The next day was spent at the Clarence Aquatic Centre, where the group had the chance to learn and practice a variety of vital rescue techniques, including the wet-exit; self-rescue with the aid of a paddle float and how to assist others back into their kayak from the water.

Unfortunately, the final day of class for the week was cancelled due to the extreme weather and flooding in Hobart, but the short introduction to Sea Kayaking Guiding left the class eagerly awaiting their next session on the water.

Thank you to our wonderful teachers and guides for the day!

Adventure Tour Guiding : Mountain Biking

Both of our Adventure Tour Guiding groups are currently focusing on either our Sea Kayaking or Cycling skills clusters.  All students experience both activities for a day early in our course and then advise our preferred skills cluster.

Last month, the ‘Nunatak’ Adventure Tour Guiding students got to try out our chosen skill of mountain biking.  Over the course of the week we covered basic bike maintenance, skills on-and-off road, and practiced leading a group on the trails.  On the first day the students spent the morning in the classroom covering a basic introduction to bikes, gear, safety and maintenance.  That afternoon we had the chance to get hands on with the bikes, practicing skills such as; maintaining the group set, changing a tyre and fitting a bike to the rider.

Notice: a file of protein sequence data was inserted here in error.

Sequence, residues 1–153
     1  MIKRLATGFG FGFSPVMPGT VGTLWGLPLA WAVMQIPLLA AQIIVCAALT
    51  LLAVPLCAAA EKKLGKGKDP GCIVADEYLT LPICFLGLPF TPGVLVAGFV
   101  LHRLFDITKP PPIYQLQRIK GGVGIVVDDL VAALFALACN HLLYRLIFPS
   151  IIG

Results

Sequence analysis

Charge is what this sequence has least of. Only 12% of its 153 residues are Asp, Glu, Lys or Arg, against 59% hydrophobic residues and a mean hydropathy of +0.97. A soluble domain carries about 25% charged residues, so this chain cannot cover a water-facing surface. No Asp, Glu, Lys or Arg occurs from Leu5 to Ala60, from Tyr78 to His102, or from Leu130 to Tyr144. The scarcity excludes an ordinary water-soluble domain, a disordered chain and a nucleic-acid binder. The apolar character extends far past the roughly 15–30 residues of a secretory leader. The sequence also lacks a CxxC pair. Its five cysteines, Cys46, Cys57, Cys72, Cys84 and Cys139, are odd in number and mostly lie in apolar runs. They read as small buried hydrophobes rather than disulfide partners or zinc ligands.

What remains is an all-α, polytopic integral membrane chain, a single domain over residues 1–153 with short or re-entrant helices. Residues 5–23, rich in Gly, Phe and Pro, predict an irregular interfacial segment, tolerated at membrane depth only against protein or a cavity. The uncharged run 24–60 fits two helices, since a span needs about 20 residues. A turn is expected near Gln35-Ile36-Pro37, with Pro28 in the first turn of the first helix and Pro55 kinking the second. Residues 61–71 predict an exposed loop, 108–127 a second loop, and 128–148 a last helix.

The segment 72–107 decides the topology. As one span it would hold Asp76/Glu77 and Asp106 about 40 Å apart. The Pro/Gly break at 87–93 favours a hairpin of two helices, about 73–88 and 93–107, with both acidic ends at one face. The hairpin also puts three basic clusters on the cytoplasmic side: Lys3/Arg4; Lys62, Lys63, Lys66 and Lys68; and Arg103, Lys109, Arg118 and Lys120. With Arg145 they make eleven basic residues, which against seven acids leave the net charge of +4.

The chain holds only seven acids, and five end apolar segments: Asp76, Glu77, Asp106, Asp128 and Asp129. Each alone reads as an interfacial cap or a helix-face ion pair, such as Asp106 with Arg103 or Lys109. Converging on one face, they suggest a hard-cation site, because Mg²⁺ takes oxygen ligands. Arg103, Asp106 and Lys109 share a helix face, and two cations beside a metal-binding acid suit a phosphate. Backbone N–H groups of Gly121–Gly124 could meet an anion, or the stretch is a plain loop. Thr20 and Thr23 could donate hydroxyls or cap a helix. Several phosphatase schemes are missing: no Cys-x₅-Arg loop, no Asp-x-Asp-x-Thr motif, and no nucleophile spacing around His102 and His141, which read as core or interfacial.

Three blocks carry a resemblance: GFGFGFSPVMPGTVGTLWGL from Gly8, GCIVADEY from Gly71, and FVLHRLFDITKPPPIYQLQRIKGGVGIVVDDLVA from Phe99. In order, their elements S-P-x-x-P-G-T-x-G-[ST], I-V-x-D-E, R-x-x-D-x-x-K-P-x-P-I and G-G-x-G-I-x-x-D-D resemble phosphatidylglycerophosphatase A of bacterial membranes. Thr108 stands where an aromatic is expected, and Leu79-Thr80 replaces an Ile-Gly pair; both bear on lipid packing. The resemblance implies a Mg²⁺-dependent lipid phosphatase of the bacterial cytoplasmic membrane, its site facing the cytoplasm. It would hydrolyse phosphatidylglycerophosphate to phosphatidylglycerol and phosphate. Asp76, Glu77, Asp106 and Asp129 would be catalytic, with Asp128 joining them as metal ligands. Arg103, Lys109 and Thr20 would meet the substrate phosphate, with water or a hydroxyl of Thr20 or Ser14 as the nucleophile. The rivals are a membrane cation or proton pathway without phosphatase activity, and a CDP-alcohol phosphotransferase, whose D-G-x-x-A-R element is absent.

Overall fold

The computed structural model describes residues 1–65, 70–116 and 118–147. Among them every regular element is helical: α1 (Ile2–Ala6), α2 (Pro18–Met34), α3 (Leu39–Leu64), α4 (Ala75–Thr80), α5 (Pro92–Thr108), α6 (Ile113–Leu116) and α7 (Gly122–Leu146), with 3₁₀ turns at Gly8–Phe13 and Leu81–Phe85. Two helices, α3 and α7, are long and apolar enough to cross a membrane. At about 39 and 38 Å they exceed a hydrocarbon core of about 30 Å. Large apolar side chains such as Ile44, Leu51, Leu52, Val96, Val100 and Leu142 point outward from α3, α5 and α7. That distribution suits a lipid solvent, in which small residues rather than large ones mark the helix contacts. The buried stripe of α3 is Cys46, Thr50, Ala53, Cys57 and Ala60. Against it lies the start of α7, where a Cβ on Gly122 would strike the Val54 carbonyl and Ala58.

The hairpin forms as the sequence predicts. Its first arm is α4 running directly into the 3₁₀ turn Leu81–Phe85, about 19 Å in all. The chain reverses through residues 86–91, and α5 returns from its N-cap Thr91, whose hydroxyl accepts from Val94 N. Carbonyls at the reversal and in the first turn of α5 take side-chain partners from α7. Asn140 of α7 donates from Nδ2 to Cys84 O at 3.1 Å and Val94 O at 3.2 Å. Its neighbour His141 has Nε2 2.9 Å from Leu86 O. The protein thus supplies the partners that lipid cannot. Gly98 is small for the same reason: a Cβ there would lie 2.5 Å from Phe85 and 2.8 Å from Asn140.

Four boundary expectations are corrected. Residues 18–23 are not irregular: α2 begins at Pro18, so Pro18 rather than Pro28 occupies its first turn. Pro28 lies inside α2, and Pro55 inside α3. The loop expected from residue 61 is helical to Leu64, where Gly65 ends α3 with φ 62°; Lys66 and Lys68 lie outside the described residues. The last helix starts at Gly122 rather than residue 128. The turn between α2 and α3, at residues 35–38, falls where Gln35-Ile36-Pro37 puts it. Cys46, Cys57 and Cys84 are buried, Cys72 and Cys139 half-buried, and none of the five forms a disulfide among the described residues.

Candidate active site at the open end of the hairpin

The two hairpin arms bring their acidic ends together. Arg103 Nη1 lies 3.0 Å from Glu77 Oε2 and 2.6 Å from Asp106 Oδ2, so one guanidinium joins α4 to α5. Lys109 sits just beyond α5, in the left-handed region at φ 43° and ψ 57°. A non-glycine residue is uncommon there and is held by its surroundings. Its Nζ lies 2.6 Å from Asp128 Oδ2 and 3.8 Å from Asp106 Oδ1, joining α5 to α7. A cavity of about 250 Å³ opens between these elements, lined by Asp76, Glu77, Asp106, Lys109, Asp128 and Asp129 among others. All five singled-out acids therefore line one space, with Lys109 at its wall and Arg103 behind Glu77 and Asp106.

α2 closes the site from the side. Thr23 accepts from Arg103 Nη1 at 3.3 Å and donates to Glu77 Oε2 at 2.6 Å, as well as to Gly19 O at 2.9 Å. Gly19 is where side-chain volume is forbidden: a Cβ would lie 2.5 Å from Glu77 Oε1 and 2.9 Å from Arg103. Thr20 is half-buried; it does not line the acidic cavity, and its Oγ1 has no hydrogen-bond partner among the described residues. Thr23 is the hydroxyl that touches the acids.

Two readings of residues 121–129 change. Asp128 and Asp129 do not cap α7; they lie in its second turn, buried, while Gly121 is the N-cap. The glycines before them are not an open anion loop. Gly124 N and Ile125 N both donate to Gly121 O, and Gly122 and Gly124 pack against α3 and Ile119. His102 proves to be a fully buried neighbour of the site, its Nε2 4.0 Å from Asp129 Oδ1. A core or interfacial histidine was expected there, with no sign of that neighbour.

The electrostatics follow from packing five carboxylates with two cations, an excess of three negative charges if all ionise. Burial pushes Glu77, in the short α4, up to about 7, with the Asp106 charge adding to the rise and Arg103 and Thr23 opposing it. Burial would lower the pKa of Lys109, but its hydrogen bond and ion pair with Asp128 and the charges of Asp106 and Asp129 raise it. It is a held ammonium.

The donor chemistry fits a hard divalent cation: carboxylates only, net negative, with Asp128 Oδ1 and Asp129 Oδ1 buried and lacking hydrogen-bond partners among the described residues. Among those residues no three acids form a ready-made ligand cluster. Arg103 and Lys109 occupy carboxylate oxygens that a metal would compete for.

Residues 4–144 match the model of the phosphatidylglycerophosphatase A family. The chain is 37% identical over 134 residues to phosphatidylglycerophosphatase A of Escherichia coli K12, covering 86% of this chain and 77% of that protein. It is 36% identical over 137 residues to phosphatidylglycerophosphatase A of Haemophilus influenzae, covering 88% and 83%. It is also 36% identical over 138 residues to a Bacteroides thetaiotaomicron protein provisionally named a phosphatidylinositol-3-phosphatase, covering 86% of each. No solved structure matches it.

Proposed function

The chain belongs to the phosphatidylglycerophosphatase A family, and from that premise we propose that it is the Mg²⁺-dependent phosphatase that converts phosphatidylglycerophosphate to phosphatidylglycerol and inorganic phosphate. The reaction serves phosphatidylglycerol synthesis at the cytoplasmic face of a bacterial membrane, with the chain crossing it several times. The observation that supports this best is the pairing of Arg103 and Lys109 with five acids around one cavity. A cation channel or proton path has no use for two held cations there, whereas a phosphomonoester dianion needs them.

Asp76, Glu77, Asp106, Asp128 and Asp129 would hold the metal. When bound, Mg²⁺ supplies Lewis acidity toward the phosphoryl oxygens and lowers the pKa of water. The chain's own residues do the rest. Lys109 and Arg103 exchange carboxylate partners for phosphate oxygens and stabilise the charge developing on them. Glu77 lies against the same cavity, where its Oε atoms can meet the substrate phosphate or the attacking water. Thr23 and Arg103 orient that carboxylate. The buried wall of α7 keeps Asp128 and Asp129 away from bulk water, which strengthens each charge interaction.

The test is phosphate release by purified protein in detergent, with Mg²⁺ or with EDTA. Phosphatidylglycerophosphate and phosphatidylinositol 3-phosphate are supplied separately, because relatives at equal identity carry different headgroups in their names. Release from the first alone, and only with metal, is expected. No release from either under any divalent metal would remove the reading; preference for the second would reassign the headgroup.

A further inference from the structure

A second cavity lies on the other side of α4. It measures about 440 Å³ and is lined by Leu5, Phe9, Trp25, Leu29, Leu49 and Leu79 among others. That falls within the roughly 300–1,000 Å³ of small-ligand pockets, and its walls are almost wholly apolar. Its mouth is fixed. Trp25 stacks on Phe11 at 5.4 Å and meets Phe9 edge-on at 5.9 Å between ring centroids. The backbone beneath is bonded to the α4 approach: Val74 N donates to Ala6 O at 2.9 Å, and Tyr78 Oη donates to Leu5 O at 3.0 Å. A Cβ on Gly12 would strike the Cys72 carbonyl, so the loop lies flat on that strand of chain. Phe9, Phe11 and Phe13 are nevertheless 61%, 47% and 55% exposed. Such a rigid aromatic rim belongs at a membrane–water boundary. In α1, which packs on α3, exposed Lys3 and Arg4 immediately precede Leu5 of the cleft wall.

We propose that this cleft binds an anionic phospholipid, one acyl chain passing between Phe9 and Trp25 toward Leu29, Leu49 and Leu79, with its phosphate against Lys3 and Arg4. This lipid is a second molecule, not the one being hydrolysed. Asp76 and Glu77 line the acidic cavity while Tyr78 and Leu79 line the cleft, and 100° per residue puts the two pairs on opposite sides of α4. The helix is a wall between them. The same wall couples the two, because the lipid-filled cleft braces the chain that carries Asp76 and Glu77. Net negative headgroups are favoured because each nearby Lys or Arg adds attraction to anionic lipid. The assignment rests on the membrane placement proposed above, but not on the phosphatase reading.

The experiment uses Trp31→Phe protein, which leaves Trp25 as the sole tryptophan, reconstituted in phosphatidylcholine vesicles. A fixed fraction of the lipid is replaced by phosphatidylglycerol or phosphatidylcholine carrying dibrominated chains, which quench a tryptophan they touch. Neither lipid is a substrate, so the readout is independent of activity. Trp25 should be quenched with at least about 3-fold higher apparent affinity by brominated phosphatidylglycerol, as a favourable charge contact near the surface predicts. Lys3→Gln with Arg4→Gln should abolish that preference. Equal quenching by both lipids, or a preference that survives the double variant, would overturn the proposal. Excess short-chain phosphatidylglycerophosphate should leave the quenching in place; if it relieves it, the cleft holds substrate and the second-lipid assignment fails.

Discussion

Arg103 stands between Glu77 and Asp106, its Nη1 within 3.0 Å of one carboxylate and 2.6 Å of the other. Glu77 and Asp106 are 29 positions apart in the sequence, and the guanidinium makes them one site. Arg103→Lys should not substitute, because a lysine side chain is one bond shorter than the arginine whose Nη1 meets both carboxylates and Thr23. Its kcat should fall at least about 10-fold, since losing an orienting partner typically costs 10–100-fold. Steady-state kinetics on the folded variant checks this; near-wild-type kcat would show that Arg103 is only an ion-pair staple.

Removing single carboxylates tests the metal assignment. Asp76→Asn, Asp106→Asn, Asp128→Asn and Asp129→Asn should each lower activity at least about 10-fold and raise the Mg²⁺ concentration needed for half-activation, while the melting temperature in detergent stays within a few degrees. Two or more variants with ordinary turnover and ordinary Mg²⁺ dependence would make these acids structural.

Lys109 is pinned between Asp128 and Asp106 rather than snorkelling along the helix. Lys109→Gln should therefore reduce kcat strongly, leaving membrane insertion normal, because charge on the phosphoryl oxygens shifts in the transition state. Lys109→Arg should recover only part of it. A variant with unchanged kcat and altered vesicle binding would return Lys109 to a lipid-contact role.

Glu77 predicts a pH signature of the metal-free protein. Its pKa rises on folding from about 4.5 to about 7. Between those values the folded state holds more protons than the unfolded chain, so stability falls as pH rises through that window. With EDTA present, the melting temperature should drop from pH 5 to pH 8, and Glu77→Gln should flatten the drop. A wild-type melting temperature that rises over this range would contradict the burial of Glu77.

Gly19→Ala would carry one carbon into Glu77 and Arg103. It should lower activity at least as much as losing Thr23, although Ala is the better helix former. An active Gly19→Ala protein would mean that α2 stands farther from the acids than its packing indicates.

Day two saw a much more practical lesson with students taking the bikes up to the Queens Domain.  The morning session covered basic riding skills such as braking, un-weighting both the front and rear tyres, track stands and body positions for uphill, flat and downhill tracks.  The afternoon saw the students able to practice their newly learnt skills on the recently completed trails up at the Domain, where we also had a chance to trial leading a group on the bikes.